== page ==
• “Anybody could write that.”

I sat and listened, and as soon as she took a breath I told her that it was illegal to take content without permission, and that it was called copyright infringement. She didn’t hear (or wouldn’t listen), and started in again. When she took her next breath, I asked politely if I could say something and she said no, and hung up. That was it, call over. She took the content down later that day, thankfully, before I had to take any further action.

So, let’s go back to her comments. She brought up some pretty important points.

“How dare you accuse me of stealing. I’ve never been to your website.”

She stole. Period. Although I didn’t say “you stole” in my email to her, it’s obvious that she got the content somewhere. I understand that Penny may have lifted the document from Joe, who got it from Ruby, who stole it from PetsitUSA. Regardless of where it came from though, the document was copied.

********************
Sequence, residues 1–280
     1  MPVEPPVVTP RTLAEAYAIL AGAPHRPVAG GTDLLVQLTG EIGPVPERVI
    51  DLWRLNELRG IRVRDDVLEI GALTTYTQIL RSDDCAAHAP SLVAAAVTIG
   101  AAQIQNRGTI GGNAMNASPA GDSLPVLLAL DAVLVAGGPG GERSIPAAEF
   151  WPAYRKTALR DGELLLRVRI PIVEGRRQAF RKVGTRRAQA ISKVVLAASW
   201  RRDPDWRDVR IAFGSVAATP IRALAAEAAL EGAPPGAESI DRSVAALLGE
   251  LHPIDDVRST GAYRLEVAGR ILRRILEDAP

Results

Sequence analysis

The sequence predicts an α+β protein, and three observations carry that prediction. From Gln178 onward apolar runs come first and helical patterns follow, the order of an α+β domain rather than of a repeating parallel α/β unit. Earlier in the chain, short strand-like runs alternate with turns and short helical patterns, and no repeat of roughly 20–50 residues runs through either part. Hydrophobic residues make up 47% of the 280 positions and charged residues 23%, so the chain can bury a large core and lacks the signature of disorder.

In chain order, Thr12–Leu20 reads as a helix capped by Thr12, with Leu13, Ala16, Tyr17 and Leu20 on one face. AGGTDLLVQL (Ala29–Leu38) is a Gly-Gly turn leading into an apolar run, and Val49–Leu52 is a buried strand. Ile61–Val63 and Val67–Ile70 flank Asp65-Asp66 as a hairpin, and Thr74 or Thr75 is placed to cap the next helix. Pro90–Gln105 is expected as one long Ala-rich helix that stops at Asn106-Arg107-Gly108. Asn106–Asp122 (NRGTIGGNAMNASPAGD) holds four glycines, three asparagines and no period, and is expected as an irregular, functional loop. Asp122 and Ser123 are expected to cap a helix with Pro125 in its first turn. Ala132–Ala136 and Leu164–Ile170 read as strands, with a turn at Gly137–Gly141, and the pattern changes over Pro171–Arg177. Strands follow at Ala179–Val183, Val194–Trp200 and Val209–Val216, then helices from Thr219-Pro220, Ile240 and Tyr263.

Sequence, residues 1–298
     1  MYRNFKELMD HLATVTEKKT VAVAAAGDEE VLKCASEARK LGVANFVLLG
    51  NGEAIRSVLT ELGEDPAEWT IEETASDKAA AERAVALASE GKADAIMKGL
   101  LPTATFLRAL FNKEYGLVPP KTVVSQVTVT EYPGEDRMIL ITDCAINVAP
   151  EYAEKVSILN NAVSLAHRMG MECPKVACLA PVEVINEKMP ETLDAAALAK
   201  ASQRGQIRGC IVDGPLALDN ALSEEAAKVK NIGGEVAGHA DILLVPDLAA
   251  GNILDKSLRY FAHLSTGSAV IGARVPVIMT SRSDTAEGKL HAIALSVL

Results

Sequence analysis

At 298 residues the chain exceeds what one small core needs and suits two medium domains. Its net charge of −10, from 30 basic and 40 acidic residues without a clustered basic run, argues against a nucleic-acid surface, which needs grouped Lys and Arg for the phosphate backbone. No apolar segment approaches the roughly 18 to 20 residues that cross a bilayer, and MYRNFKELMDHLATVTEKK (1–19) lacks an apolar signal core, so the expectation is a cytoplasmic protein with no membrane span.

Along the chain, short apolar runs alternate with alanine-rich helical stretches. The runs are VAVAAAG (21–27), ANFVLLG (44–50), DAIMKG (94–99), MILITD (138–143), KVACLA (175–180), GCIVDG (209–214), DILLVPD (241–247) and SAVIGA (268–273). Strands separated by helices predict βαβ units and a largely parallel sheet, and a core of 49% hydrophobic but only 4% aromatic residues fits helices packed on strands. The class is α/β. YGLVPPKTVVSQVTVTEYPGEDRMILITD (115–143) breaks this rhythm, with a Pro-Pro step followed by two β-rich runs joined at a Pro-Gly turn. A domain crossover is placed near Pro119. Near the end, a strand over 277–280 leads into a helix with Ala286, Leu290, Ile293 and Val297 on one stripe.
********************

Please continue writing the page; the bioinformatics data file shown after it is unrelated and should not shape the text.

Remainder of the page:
“Whenever I see something online that I think might help my clients, I take it.”

I thought that was a pretty bold statement. She admitted to taking stuff that’s not hers. That’s called copyright infringement (aka plagiarism), and it’s illegal.

“Anybody could write that.”

Well, yes, anybody could write about the same topic. She’s absolutely correct about that. However, even though I’ve never been labeled a math whiz, I know the chances of someone writing the exact duplicate two page document, word for word, is pretty darn slim. Obviously, pet sitting websites are going to have similar content, but the way it’s worded should be unique and reflect the personality of that particular business.